Notes

  1. Peakbagger.com, Mount Hood, Oregon. Retrieved October 22, 2007.
  2. US Geological Survey and United States Forest Service, Mount Hood—History and Hazards of Oregon's Most Recently Active Volcano. Retrieved October 22, 2007.
  3. Portland State University, Glaciers of Oregon. Retrieved October 22, 2007.
  4. Ella Elizabeth Clark, Indian legends of the Pacific Northwest (Berkeley: University of California Press, 1953). ISBN 0520239261
  5. USDA Forest Service, The Mt. Hood National Forest. Retrieved October 22, 2007.
  6. Ibid.
  7. U.S. Geological Survey, Mount Hood—History and Hazards of Oregon's Most Recently Active Volcano. Retrieved September 14, 2007.
  8. W.E. Scott, T.C. Pierson, S.P. Schilling, J.E. Costa, C.A. Gardner, J.W. Vallance, and J.J. Major, Volcano Hazards in the Mount Hood Region, Oregon. Retrieved October 22, 2007.
  9. Global Volcanism Program, Smithsonian Institution, Hood. Retrieved October 22, 2007.
  10. U.S. Geological Survey, Cascade Range Current Update. Retrieved June 5, 2007.
  11. Carolyn L. Driedger and Paul M. Kennard, Ice Volumes on Cascade Volcanoes Mount Rainier, Mount Hood, Three Sisters, and Mount Shasta (Washington: U.S. G.P.O., 1986).
  12. CBS News, Last Body Recovered From Mount Hood. Retrieved October 22, 2007.
  13. Aimee Green, Mark Larabee, and Katy Muldoon, Everything goes right in Mount Hood search. Retrieved October 22, 2007.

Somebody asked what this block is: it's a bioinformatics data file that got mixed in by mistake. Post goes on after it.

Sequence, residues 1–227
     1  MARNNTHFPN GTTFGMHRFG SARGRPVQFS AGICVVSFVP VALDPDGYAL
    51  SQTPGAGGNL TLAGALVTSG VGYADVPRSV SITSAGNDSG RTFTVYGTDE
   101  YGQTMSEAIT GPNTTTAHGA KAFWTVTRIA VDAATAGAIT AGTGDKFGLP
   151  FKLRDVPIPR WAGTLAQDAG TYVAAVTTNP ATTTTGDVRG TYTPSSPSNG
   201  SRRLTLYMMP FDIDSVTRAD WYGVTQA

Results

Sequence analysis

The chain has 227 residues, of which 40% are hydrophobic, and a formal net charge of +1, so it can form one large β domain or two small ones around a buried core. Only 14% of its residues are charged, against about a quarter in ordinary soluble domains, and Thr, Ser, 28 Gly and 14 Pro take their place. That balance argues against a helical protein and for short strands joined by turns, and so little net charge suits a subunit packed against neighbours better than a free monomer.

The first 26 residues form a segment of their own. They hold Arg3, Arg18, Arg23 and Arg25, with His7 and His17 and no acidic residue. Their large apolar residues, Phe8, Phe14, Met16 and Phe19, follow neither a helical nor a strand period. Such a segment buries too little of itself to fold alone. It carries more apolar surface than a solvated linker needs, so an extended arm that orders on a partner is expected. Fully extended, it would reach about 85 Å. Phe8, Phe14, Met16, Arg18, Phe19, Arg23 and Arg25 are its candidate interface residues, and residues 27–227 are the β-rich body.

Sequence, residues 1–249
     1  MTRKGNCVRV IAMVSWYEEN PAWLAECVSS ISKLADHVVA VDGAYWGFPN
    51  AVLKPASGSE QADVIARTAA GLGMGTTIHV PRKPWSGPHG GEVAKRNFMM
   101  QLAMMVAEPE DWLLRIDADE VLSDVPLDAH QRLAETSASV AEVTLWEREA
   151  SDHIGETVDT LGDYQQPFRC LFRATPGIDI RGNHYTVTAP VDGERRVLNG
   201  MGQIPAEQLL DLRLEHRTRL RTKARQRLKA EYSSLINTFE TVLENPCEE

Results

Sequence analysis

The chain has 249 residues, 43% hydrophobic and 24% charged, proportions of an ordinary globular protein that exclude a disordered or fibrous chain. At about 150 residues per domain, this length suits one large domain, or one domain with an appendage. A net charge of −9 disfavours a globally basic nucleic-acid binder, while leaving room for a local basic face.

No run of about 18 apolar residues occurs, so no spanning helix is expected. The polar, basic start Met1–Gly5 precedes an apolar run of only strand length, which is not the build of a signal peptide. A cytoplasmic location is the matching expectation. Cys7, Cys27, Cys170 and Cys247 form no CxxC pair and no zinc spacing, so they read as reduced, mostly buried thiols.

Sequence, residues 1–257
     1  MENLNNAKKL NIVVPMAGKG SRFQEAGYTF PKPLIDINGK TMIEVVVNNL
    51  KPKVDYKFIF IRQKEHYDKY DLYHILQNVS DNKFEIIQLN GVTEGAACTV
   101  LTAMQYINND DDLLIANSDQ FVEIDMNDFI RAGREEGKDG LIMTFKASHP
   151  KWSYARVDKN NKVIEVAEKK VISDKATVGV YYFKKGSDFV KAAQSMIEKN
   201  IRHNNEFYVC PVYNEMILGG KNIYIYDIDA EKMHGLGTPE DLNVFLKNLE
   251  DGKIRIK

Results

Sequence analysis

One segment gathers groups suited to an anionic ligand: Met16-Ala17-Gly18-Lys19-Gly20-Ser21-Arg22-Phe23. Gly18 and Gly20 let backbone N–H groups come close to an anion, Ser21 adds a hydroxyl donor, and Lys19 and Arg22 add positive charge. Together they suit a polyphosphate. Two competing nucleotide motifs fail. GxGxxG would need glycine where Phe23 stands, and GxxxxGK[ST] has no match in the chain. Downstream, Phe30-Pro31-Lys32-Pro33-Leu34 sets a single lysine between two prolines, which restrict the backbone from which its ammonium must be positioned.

14. United States Forest Service, Mount Hood Climbing Report. Retrieved October 22, 2007.
  15. Susan M. Kocis, Donald B.K. English, Stanley J. Zarnoch, Ross Arnold, Larry Warren, and Catherine Ruka, National Visitor Use Monitoring Results. Retrieved September 17, 2007

References

  • Barstad, Fred. 1998. Hiking Oregon's Mount Hood & Badger Creek Wilderness. Helena, Mont: Falcon Pub. ISBN 0585253420
  • Fisher, Timothy F. 2006. Surviving Mount Hood. Sault Ste. Marie, Ont: Moose Hide Books. ISBN 1894650522
  • Poindexter, Joseph. 1998. To the Summit: Fifty Mountains that Lure, Inspire and Challenge. New York: Black Dog & Leventhal Publishers. ISBN 1579120415
  • Bargar, Keith E., Terry E.C. Keith, and Melvin H. Beeson. 1993. Hydrothermal Alteration in the Mount Hood Area, Oregon. U.S. Geological Survey bulletin, 2054. Washington: U.S. G.P.O.
  • Harris, Stephen L. 1988. Fire Mountains of the West the Cascade and Mono Lake volcanoes. Missoula, MT: Mountain Press Pub. Co. ISBN 9780878422203

External links